I remember the "Strangers in the Night" strip vividly -- I was surprised that Boopsie thought quickly enough, and then grasped the importance of not "enlightening" the other pilgrim. And that made me spend some time kicking myself about superficial judgment of Boopsie, and realizing that I generally leapfrog all the steps that make it possible to keep my mouth shut at the right time. And I regret to say the strip has exactly the same effect on me today. Well, a second try may be more effective. Thanks!
Rev. Dr. Bob Faser | Hobart, AUSTRALIA | September 26, 2014
I'm glad that Boopsie showed compassion to the lady from Perth who showed some confusion over the identities of "The King" and "The Chairman of the Board." But, after all, there were some uncanny similarities, including the fact that Elvis did an absolutely killer cover version of "My Way."
Mary McKim | Portugal Cove, CANADA | September 26, 2014
Thanks for running the "Strangers in the Night" strip. It has always been a sentimental favourite of mine. It really embodies the concept that music is very personal. No one, not even the person who wrote the song, can give a definitive statement of what that song means. What is trivial and laughable to you might be life-changing to me. Such is the power and truth of music.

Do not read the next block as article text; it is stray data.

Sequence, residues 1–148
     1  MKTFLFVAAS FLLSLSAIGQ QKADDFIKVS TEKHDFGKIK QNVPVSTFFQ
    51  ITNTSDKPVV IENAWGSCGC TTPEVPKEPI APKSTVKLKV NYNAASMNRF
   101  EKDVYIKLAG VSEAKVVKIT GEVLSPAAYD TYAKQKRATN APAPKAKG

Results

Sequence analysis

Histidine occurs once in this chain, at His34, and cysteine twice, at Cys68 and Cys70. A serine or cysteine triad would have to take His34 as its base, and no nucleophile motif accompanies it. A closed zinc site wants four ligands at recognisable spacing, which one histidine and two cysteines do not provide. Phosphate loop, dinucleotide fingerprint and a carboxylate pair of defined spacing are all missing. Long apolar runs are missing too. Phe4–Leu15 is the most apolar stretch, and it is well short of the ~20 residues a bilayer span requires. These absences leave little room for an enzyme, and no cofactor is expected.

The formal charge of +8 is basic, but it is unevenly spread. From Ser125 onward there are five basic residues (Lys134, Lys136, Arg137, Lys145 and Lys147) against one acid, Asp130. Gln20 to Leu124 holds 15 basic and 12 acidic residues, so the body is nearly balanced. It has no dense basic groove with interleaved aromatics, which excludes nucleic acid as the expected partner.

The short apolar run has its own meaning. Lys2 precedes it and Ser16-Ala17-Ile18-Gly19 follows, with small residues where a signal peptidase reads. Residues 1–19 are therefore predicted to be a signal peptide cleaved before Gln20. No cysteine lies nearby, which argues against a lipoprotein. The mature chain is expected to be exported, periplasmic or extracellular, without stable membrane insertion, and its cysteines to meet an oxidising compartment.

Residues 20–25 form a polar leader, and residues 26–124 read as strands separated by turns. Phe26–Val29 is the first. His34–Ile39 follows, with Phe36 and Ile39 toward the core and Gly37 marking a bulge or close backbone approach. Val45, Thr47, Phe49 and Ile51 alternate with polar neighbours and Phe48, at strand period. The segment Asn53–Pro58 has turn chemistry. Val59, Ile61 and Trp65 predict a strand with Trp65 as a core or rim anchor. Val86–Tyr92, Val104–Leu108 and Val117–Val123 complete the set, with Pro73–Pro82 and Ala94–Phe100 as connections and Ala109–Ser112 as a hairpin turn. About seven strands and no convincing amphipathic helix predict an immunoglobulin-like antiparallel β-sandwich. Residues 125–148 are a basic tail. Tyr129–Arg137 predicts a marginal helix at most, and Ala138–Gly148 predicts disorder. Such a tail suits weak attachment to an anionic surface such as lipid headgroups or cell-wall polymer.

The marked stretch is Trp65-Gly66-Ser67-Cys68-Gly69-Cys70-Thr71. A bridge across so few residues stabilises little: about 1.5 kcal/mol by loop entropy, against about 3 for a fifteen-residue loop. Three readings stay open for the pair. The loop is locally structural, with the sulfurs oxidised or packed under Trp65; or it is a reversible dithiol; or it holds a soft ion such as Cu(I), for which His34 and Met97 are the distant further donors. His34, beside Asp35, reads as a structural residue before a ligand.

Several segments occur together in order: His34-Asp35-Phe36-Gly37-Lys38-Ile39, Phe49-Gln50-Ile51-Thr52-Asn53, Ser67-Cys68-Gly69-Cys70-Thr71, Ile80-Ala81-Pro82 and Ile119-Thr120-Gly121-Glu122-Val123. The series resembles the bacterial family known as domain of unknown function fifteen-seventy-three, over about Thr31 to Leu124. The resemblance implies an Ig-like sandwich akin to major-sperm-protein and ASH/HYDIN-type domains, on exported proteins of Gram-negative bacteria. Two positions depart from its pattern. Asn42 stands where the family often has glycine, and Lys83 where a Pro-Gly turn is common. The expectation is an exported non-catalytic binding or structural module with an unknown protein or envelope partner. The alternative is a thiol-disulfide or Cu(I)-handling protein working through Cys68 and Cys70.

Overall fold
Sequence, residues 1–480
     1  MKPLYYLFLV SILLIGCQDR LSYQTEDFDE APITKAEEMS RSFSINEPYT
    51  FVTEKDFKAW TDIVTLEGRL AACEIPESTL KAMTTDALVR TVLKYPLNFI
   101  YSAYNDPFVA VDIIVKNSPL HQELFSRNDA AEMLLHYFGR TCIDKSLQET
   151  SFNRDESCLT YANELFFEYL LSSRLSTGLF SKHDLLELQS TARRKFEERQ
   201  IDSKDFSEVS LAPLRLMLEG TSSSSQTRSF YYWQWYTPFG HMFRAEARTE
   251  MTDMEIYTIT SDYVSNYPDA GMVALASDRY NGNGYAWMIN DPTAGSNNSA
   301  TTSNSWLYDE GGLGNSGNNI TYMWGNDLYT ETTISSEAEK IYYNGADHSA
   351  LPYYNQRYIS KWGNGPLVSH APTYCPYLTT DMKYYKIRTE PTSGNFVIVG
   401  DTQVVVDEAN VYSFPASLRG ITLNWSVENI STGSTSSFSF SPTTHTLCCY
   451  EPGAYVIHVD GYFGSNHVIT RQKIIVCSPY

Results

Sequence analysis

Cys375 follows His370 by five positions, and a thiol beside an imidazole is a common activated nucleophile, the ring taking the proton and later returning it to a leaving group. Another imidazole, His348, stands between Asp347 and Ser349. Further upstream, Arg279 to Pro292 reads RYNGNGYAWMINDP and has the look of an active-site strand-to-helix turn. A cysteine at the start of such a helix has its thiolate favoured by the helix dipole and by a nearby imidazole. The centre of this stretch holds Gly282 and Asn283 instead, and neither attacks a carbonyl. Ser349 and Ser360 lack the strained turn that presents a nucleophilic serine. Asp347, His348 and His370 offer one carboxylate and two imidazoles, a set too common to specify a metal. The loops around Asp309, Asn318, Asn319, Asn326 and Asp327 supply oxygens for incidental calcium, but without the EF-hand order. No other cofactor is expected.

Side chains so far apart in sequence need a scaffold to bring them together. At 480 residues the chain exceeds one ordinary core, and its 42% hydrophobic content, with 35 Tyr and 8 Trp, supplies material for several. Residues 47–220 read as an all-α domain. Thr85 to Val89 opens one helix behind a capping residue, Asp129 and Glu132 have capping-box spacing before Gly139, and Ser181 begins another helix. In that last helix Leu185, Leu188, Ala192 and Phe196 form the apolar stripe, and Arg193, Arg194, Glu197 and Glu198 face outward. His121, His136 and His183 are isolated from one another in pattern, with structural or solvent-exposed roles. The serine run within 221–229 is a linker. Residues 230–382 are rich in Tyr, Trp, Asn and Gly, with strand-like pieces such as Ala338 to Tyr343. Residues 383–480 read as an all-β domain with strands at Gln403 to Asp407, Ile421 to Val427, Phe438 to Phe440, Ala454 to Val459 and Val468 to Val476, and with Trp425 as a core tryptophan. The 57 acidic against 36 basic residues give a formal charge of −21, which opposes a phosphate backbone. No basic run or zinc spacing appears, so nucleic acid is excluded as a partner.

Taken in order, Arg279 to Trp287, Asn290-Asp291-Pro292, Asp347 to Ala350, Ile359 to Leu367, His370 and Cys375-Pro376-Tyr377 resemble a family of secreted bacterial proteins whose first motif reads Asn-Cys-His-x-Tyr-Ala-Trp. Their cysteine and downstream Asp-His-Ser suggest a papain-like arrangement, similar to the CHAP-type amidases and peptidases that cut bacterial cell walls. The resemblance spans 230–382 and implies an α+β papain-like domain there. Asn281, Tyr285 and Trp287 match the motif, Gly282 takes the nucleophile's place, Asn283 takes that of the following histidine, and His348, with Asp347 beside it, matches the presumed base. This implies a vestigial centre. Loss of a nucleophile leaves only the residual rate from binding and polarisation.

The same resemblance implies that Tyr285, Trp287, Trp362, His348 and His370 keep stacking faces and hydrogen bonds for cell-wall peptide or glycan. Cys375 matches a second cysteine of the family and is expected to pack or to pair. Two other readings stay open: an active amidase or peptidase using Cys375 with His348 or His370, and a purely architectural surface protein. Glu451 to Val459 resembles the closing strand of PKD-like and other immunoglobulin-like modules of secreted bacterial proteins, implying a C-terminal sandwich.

John Ghalt | Anchorage, AK | September 23, 2014
Boopsie draws the line on swatches of Elvis' sweat-stained stage scarves. Glad to see our gal has standards. Wonder what Tom Jones did with all of his sweaty stage "souvenirs"?
Jason Thorn | Phoenix, AZ | September 22, 2014
Time to brush up on your intel, Rascal. The Taliban were pussycats compared to ISIS, and even Hamas thinks they are too extreme. Get your head back in the game.
J.B. | ABQ, NEW MEXICO | September 21, 2014
The highest point in the Maldives is +2.4 m AMSL. Either the mountains are hallucinations, or our hero is really in Papeete... or Diego Garcia undergoing drug-based debriefing.
Donanon | Sausalito, CA | September 17, 2014
Time shift disorientation! The seeming random synchronicities among the Flashbacks page and current Classics -- Joanie, Lacey and George all currently making double appearances, from then and later (or before!) -- are making me dizzy. Loving it!
Jahn Ghalt | Anchorage, AK | September 15, 2014
Part of what makes Doonesbury so fun is that GBT eschews subtlety for his objects-of-satire. Even so, he mostly seems to avoid playing the scold – except when it comes to tobacco. There he mostly pillories tobacco’s attempts to lure kids, so perhaps to scold is suitable. But tobacco scolds largely trot out the “addiction model” of tobacco use. Tobacco is likely the most addictive commonly-available pleasure drug – 30% of all who smoke become addicted. This leaves the remaining 70%, who can “take it or leave it” and smoke simply because they like it.
YOU GO GIRL
Shelley | Meota, CANADA | September 15, 2014
Seeing joanie graduate the first time was especially moving. Seeing it again should remind us just how far we've come. You go girl...again.